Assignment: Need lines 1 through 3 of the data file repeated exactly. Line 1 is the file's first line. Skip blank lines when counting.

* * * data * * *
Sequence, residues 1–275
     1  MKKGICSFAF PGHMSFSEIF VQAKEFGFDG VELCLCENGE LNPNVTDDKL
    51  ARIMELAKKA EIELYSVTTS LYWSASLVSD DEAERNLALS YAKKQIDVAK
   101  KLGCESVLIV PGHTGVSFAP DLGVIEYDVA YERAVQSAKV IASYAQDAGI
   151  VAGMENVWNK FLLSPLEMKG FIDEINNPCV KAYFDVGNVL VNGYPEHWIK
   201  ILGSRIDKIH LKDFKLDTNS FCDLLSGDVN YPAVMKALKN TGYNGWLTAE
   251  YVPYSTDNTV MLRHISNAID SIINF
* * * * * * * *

Sequence, residues 1–275
     1  MKKGICSFAF PGHMSFSEIF VQAKEFGFDG VELCLCENGE LNPNVTDDKL
    51  ARIMELAKKA EIELYSVTTS LYWSASLVSD DEAERNLALS YAKKQIDVAK